An artisanally crafted blog curated by Cooking Lager for discerning readers of beer bloggery

Saturday, 30 January 2016

Pub Men

Blogging about blogging is when another blog inspires you to write a post of your own. Mathews cracking blog about the decline of pubs is what’s done it. Have a read of it here.

Whilst I’ve never been that sentimental about pubs, seeing them as businesses and no different from any other, I do get how people can be sentimental. I was never that bothered when Woolworths went the way of the dodo and whilst there’s a couple of pubs I quite like and go in enough that the barmaid asks me how I am, I’d survive and find somewhere else to sit and read a paper whilst the squeeze potters around the shops, if they shut. A shrug of the shoulders rather than a placard is my response to the death of the pub. I did feel sentimental enough to pop into C&A when I spotted they are still going in Germany and did even buy something. An umbrella as it was raining. Not enough to campaign to bring C&A back to the UK, though.

Think about it. We redefine this field as a pub then us Pub Men can go stand in it with her, and she has a spare beer she doesn't need that she might give you. Win win.

Then I got thinking about what a pub is, whether I will ever gain the accolade I most desire of “Pub Man” from the TAND. I figured not as I don’t fit the criteria. That of going in pubs a lot and liking them. I have more a utilitarian use of them which limits the former and precludes the latter.

What if we recognised that a pub is just a room people sit or stand in to socialize, have a drink or occasionally read the paper and be left alone? Does the drink have to be booze?

What if we redefined coffee shops as pubs? People sit in them and drink coffee and read the paper? They are doing much as am on a Sunday afternoon when I drink a pint of bitter in a pub and flick through the torygraph? What if gyms were redefined as pubs? Many people seem to go there to stand around and talk whilst drinking a cheesy tasting milkshake that is apparently full of protein from the addition of whey, a cheese by product?

If we did this then pubs are no longer in decline. Pubs are in rude health and increasing. Pubs are enjoying a renaissance! Pubs are safe and relevant to the kids too!

But they ain’t pubs, I hear you cry? Really? What about the CAMRA award winning pubs with a Maitre d' that ask you whether you are dining and don’t let you have a table if all you want is a pint and packet of cheese and onion? Them’s pubs are they? So long as it looks like a Victorian or Edwardian living room it’s a pub is it? Even if it’s actually a restaurant? Howay with you.

Anything can be a pub. A pub is an idea. It is ethereal. A pub is of the mind, not of the physical. Anything can be a pub. A private shed can be a pub. Anything you want to be a pub can be a pub. That, my friends, is freedom.

What is more, if we accept that anything can be a pub, I can say my sofa is one and then the TAND will have to acknowledge and credit me with the honour of “Pub Man”. He will just have to.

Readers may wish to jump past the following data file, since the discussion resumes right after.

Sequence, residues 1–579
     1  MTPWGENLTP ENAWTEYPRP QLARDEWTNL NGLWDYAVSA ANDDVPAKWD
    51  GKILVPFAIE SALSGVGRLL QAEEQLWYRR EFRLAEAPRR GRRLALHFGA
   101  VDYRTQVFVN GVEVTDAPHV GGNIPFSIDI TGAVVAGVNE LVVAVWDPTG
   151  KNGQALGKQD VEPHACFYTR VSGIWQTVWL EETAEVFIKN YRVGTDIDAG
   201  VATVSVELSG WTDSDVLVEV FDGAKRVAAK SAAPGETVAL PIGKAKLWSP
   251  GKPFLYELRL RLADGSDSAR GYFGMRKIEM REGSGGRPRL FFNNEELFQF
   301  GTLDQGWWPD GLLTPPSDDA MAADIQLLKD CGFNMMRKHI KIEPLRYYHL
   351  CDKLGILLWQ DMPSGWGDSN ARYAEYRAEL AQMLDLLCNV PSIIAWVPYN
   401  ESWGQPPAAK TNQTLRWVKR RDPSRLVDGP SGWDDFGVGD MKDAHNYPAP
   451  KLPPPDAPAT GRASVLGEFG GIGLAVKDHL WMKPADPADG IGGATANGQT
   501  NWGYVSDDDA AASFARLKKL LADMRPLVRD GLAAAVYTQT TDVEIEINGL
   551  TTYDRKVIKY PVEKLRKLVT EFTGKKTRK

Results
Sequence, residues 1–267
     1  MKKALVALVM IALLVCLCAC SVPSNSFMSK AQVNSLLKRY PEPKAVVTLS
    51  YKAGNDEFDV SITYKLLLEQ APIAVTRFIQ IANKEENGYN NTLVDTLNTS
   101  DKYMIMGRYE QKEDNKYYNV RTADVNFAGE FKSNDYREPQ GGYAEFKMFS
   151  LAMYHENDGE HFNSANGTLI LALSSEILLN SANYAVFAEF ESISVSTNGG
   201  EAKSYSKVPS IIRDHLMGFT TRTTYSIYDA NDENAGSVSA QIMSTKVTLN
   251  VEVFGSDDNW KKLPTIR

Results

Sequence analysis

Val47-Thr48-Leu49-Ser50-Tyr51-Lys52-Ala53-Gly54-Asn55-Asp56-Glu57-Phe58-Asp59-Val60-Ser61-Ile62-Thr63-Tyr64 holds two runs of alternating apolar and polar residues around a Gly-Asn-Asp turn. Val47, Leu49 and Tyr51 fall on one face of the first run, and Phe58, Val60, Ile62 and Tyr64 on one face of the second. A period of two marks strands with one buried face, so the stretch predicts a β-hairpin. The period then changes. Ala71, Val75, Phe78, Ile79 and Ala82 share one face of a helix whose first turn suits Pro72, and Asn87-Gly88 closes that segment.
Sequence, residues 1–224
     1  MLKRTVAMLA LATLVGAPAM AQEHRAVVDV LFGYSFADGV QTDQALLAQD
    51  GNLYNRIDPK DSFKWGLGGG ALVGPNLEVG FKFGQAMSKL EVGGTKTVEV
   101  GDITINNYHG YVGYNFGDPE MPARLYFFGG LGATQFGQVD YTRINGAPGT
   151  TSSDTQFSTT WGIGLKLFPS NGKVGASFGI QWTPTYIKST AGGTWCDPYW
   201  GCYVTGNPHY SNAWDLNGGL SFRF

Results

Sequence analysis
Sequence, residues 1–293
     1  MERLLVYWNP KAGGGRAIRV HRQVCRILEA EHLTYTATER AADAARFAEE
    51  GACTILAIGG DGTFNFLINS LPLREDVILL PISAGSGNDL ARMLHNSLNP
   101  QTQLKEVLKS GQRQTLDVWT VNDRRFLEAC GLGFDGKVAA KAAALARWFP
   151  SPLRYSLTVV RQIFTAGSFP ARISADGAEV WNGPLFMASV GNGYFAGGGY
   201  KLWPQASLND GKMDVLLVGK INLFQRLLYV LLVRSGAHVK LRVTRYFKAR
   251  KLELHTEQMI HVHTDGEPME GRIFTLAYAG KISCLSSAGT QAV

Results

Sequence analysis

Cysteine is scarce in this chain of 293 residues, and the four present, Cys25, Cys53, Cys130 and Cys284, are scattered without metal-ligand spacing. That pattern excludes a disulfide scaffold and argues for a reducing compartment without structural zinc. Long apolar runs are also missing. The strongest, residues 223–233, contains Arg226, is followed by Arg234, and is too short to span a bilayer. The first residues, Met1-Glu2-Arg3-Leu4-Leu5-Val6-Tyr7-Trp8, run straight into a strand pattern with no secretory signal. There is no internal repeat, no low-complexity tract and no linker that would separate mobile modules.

Saturday, 16 January 2016


It’s time to get excited about the biggest event in craft beer history, where the worlds beer communicators, evangelists, bloggers and writers congregate to hear the words of the very first blogger. That would be THE TAND and the event? #TANDCON16


Back when all this was fields, when computers were a hobby for those with soldering irons and digital watches were amazing, one man had a dream. That dream was that every man, woman and transgendered person would one day have their own beer blog. Though no one at the time knew even what a blog was. People would reply “Eh? A blog you say? What’s one of those?” On those blogs people could write about the bitter they were drinking, moan if it wasn’t through a sparkler and reveal the temperature of the beer in their local pub. They would take pictures of their pint on a phone they carried about with them. People laughed at that dream, but it is now reality.

That man was the father of beer bloggery, THE TAND.

Scottish actor, Gerard Butler, who would play THE TAND in the story of beer bloggery, when it becomes a film.

That vison is now a reality, for the gathering is upon us. Like in Highlander all beer communicators are drawn to a far off place. The Manchester Beer Festival, where THE TAND is usually to be found propping up the German lager bar whilst skiving. Unlike Highlander there is no requirement to sword fight and chop heads off. Instead you only need to prove you are a beer communicator by publically showing your sparkler and ask THE TAND to sign an autograph and take a selfie.

From Wednesday 20th, if you can blag in with a trade ticket by claiming that beer communicator is an actual job or an hour or two later if you can’t. Beer evangelists the world over will be congregating to follow THE TAND about and drink whatever it is he happens to be necking. And hearing words of beery wisdom like “What really do you lot want?”, “Can’t you go away and leave me alone, I’ve a festival to run” and “Right now, that’s it, will you all bugger off”